In the early part of the Historic period, Ute culture continued to be based on hunting and gathering, with a seasonal round that took them to the mountains in the summer and to low-lying canyons in the winter. They sometimes traveled up to 400 miles between their seasonal camps.
Ute Indians do not have formalized beliefs when it comes to religion but their beliefs are very important to them. They believe that the concept of power is obtained through dreams, visions, or from mythical beings. Religion is based on more of an individual level rather than as a group.
Utes were known for their tanned elk and deer hides which they traded along with dried meat tools and weapons. Around 1637 Ute captives escaping from the Spanish in Santa Fe fled, taking with them Spanish horses, thus making the Utes one of the first Native American tribes to acquire the horse.
Many Ute children like to go hunting and fishing with their fathers. In the past, Indian kids had more chores and less time to play in their daily lives, just like colonial children. But they did have dolls, toys, and games to play. Ute kids also enjoyed footraces, and girls and women played a ball game called shinny.
Ute people now primarily live in Utah and Colorado, within three Ute tribal reservations: Uintah-Ouray in northeastern Utah (3,500 members); Southern Ute in Colorado (1,500 members); and Ute Mountain which primarily lies in Colorado, but extends to Utah and New Mexico (2,000 members).
UTE INDIANS – NORTHERN. Ute Indians (who call themselves Nuciu, “The People”) are Southern Numic speakers of the Numic (Shoshonean) language family. At the time of Euro-American contact, twelve informally affiliated Ute bands inhabited most of Utah and western Colorado.
Utes, a mainstay of Aussie car culture since we invented the bloody things back in the 1930s, are set to disappear from local showrooms replaced instead, by those most American of things, the truck, or to give them their correct nomenclature, the ‘pick-up’ truck.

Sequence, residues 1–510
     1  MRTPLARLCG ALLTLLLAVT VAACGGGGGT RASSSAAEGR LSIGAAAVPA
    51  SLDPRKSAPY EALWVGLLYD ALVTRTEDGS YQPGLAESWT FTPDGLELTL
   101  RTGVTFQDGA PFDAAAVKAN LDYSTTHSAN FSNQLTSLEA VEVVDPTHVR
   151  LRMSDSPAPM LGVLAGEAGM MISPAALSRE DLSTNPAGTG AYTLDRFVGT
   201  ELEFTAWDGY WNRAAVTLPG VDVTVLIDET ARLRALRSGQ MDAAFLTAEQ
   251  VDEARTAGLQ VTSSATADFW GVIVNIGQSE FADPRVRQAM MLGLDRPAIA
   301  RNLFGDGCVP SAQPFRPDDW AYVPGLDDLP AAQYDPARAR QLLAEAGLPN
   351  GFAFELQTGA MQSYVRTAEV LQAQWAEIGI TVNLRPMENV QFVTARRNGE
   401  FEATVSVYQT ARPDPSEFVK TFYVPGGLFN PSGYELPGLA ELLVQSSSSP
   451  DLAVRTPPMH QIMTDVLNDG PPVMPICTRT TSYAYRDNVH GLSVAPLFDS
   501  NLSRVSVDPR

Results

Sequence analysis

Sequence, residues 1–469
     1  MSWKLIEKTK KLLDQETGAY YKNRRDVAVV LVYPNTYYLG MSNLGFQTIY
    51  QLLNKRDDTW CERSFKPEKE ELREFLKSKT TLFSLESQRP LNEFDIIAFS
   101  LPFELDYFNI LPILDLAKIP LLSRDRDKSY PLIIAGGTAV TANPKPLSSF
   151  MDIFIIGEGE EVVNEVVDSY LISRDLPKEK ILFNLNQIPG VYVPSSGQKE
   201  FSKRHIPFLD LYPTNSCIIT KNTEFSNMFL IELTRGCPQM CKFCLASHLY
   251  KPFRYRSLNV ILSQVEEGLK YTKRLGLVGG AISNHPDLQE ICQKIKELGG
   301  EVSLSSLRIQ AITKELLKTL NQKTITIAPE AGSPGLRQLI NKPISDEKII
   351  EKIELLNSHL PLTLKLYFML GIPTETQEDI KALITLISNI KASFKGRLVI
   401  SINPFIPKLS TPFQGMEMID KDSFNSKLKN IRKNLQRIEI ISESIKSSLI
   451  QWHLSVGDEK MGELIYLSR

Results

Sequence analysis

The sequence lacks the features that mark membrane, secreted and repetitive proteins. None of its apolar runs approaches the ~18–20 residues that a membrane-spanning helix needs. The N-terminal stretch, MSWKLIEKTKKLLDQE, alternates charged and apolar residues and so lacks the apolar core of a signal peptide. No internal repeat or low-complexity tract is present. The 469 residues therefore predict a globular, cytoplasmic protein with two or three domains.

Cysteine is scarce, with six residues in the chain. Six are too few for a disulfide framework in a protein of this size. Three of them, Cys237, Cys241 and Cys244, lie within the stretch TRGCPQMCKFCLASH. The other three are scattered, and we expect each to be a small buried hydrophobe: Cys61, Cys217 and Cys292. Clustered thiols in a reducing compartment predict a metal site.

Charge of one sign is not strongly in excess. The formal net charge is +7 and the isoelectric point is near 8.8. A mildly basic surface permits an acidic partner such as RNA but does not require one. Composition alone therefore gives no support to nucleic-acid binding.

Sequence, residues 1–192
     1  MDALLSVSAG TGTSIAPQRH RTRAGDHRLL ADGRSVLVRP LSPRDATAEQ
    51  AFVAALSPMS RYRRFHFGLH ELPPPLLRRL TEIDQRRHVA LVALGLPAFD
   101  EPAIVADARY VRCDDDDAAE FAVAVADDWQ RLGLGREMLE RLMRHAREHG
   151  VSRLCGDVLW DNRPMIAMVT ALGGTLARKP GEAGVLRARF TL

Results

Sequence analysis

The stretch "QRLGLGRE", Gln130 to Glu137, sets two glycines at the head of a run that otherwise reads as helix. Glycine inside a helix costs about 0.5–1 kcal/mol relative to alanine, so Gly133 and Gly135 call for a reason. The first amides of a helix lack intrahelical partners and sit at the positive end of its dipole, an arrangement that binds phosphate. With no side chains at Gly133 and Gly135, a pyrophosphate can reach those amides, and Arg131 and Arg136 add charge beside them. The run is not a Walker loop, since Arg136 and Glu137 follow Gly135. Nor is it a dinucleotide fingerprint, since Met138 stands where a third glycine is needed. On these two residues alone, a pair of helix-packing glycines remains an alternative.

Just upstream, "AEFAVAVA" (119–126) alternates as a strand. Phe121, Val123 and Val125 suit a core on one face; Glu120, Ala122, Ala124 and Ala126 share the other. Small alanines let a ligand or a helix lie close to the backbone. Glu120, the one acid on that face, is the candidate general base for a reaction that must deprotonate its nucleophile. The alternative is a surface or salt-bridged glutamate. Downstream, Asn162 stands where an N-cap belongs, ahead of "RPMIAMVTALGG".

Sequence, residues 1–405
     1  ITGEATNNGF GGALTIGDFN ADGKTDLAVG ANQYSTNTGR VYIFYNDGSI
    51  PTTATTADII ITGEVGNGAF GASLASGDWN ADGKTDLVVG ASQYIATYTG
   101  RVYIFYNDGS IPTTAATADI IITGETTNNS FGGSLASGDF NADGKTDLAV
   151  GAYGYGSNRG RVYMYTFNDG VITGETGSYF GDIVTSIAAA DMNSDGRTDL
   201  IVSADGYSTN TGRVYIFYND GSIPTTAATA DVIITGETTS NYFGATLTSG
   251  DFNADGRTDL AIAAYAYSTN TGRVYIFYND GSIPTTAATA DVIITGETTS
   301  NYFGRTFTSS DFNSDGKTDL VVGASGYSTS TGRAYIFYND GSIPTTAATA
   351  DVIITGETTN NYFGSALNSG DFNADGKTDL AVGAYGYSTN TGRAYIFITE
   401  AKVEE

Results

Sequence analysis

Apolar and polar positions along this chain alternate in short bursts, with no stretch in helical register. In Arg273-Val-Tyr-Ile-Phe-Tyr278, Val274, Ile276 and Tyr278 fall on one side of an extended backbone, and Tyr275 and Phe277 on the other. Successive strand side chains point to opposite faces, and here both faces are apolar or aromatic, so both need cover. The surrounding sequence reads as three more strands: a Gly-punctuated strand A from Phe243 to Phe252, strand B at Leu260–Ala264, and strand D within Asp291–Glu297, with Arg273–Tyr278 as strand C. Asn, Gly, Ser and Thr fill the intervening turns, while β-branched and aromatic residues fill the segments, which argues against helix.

The home of the Ute Indian Tribe is the Uintah and Ouray (U & 0) Reservation, located within a three-county area in Northeastern Utah, known as the “Uinta Basin,” and covers a large portion of western Uintah and eastern Duchesne Counties.
The Utes have inhabited this area of the country for at least 1,000 years. There were originally 12 “Nuche”, or “The People”, bands throughout Utah and Colorado. The Utes were among the first American Indians to acquire the horse as a means of transportation, and in rock writing the Utes are depicted as horses.
A ute (/juːt/ YOOT), originally an abbreviation for “utility” or “coupé utility”, is a term used in Australia and New Zealand to describe vehicles with a tonneau behind the passenger compartment, that can be driven with a regular driver’s license.
The Ute weren’t just all work and no play. They took a lot of time to play games. They played such games as dice, where if someone rolled certain symbols they would win. They also played games that were similar to baseball and kickball.
Anthropologists argue that the Utes began using the northern Colorado Plateau between one and two thousand years ago. Historically, the Ute people lived in several family groups, or bands, and inhabited 225,000 square miles covering most of Utah, western Colorado, southern Wyoming, and northern Arizona and New Mexico.
The Paiutes were hunter-gatherers, and moved from place to place frequently as they gathered food for their families. Paiute men hunted deer, elk, buffalo, and small game, and went fishing in the rivers and lakes. Paiute women gathered roots, pine nuts, seeds and fruits.
Beaded Crafts The use of beads is a mainstay of Ute crafts. Children’s jewelry is made from various bead designs, as are decorations for vests, flutes, children’s toys and many other types of crafts. Beading is traditionally the work of female Ute artisans, and can apply to a wide array of items.
They cannot easily be moved from one place to another. The Ute Indians used shelters like these before they became buffalo hunters and lived in tepees. The Utes also built temporary camp shelters that were called wickiups. These were dome-shaped shelters covered with willows, bark, grass or reeds.